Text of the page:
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"The War Is Not Over Yet": Kyiv exhibition tells the stories of journalists killed in war

"The War Is Not Over" exhibition opened in Taras Shevchenko park in Kyiv
"The War Is Not Over" exhibition opened in Taras Shevchenko park in Kyiv Copyright Genya Savilov/AFP
Copyright Genya Savilov/AFP
By Theo Farrant with AFP
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An exhibition in Kyiv called 'The War Is Not Over Yet' is displaying photos and testimonies of journalists who were victims of the Russian invasion of Ukraine.


Journalists killed or wounded during Russia's invasion of Ukraine are being honoured in an outdoor exhibition in Kyiv, months into Moscow's war.

"The war continues, the war is not over. And this is a war in which our citizens are dying, in which Ukrainian and foreign journalists are dying," said Tetyana Teren, executive director of PEN Ukraine, one of the organisers of the exhibition.

"That is why we ask foreign media to tell the truth about this war and continue to tell the world about Russia's crimes in our country," she added. 

Portraits of reporters and media workers who have become victims of the conflict stare down at passers-by from large black and white boards in the capital's centre.

The exhibition is entitled, "The War Is Not Over Yet" and was organised by Kyiv city authorities with help from human rights and press advocacy groups.

Tragic stories told through photos and testimonies

Genya Savilov/AFP
A woman visits the photo exhibition "The War Is Not Over Yet" in Taras Shevchenko park in KyivGenya Savilov/AFP

"The Russian occupiers killed the American journalist, director and producer Brent Renaud," one of the large panels installed in a central park reads.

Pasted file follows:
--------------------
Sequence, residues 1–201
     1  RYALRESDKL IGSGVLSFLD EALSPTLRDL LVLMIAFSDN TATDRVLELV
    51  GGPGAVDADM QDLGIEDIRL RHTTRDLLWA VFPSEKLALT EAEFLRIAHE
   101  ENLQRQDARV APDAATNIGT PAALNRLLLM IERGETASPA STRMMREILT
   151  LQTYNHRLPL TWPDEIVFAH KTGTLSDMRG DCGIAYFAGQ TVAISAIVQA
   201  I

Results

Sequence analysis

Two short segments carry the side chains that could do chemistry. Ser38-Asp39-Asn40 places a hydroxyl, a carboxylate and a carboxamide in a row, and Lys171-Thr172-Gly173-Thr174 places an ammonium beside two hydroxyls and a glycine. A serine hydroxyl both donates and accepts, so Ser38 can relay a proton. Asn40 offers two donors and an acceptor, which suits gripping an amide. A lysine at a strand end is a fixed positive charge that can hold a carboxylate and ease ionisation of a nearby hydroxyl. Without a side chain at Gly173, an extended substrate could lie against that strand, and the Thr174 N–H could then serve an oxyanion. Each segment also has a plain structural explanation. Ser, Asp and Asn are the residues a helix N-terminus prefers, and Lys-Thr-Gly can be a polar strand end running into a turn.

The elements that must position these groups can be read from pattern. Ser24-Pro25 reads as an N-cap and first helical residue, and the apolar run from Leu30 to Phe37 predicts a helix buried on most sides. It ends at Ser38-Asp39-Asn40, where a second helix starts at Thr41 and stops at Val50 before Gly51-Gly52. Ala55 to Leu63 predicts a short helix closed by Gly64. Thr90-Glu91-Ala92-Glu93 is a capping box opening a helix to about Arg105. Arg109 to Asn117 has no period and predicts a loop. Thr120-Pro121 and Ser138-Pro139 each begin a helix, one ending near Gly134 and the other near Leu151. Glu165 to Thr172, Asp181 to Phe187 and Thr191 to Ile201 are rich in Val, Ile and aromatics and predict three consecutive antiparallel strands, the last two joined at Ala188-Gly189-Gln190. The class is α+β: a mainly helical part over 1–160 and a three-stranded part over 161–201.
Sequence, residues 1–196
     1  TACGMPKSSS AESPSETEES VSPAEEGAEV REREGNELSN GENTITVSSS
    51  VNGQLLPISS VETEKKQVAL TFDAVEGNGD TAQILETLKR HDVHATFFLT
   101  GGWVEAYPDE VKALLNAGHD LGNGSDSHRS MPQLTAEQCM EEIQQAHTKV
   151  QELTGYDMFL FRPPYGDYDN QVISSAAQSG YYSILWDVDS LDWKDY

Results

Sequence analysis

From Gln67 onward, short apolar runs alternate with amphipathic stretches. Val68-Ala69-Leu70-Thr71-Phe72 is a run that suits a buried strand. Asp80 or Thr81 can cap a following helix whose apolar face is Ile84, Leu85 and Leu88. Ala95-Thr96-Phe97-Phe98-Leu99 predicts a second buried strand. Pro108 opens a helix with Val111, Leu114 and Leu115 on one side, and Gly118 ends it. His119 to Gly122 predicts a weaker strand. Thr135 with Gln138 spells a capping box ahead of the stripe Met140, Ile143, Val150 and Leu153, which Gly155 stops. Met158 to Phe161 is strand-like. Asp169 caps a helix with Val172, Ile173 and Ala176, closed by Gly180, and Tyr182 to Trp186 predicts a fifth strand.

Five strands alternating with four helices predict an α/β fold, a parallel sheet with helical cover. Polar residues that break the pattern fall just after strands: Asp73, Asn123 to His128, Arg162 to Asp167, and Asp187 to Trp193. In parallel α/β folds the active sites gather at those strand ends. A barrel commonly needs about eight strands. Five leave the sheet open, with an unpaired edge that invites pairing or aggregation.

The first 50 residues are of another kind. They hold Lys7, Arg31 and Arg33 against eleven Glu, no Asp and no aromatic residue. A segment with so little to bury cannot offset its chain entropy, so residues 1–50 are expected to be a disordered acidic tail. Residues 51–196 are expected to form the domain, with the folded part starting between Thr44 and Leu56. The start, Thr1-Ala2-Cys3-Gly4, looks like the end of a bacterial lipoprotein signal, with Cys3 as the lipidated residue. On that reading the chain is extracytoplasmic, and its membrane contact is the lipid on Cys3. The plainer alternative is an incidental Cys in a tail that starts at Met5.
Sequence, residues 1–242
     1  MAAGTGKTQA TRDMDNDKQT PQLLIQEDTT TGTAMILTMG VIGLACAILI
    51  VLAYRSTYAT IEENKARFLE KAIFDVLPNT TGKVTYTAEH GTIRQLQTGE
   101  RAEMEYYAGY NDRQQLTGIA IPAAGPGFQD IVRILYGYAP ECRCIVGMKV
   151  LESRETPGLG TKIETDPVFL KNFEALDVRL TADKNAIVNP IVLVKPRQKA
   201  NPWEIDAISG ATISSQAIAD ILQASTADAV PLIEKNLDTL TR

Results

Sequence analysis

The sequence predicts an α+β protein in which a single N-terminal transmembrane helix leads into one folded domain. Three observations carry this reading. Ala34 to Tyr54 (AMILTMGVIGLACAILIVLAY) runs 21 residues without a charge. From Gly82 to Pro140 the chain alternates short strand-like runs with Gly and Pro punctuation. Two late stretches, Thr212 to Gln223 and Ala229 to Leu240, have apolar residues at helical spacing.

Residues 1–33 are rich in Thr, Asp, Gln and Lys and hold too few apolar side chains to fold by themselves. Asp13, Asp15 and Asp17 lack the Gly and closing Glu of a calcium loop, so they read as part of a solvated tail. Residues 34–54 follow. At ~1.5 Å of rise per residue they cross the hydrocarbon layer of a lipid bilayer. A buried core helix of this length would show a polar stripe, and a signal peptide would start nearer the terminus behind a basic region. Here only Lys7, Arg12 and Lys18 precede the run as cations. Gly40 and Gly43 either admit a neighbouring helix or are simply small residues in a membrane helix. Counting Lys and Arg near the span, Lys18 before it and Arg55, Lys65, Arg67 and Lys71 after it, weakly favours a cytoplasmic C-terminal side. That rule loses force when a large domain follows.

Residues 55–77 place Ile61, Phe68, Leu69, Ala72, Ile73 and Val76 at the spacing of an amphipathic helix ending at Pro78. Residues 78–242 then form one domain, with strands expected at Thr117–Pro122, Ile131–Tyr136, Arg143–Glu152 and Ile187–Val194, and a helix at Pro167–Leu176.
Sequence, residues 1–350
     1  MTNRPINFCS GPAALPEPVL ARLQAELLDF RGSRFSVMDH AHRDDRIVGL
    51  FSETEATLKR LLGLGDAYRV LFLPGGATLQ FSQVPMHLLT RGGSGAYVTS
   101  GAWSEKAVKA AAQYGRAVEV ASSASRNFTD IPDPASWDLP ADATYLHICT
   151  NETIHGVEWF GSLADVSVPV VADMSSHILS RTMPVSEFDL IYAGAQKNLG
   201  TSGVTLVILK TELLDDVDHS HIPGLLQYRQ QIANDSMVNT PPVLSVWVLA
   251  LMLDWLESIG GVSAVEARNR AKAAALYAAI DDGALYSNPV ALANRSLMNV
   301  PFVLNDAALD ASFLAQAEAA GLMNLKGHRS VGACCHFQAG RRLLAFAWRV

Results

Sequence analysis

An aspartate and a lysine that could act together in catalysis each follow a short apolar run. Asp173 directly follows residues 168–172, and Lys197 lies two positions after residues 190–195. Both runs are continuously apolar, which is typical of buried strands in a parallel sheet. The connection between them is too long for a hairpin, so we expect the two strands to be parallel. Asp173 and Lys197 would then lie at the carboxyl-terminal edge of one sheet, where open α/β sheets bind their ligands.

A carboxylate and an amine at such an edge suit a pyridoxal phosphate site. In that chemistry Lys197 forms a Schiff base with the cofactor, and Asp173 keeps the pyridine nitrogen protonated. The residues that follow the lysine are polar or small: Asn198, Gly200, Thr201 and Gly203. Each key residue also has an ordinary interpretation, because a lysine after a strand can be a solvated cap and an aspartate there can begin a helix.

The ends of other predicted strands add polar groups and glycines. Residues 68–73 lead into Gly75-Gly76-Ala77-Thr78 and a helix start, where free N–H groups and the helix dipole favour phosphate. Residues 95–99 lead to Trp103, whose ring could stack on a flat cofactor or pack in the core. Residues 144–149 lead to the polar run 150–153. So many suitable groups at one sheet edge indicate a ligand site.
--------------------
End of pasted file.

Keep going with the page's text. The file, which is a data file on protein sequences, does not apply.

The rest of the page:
Renaud, who died on 13 March, was the first foreign journalist to be killed by Russian forces after the invasion on 24 February 2022. 

Other journalists who have lost their lives during the war, include Franco-Irish Fox News cameraman Pierre Zakrzewski who died on 14 March alongside Ukrainian news producer Oleksandra Kuvshynova.

Their vehicle was struck by incoming fire, injuring correspondent Benjamin Hall, in Horenka outside the Ukrainian capital.

French journalist Frederic Leclerc-Imhoff, died on May 30 accompanying civilians on board an evacuation bus in the east of Ukraine.

"Now that four months have passed since the beginning of the full-scale invasion, it is more important than ever to intensify the world's focus on Ukraine," the organisers said in a statement.

"This exhibition is an expression of solidarity with Ukrainian media professionals who fight for the truth, risking their own lives,” they added.

According to CPJ (the Committee to Protect Journalists), 35 journalists and media workers have been killed in Ukraine since the start of the war.

Video editor • Theo Farrant

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